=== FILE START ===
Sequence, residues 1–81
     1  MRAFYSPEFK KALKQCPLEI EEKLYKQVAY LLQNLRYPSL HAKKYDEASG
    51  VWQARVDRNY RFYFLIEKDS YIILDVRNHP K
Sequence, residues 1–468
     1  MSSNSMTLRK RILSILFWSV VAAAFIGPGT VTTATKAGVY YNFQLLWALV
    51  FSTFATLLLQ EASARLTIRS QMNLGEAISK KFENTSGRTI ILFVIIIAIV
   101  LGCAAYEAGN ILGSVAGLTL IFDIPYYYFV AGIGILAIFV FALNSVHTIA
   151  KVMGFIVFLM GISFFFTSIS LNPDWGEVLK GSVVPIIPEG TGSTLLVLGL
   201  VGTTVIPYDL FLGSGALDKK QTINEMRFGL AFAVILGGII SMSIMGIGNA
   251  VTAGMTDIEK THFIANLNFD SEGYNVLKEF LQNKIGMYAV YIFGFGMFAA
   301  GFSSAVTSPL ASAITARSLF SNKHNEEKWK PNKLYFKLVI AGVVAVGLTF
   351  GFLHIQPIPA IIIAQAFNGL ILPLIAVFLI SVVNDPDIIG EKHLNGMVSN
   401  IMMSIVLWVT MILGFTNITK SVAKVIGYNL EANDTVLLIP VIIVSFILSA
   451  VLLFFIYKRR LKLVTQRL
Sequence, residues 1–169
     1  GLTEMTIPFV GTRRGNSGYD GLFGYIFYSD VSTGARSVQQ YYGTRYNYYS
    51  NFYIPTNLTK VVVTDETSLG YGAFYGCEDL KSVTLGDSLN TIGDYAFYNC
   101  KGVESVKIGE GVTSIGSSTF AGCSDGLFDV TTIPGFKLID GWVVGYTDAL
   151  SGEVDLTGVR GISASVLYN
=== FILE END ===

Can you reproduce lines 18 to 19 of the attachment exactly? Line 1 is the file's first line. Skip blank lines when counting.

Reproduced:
   101  KGVESVKIGE GVTSIGSSTF AGCSDGLFDV TTIPGFKLID GWVVGYTDAL
   151  SGEVDLTGVR GISASVLYN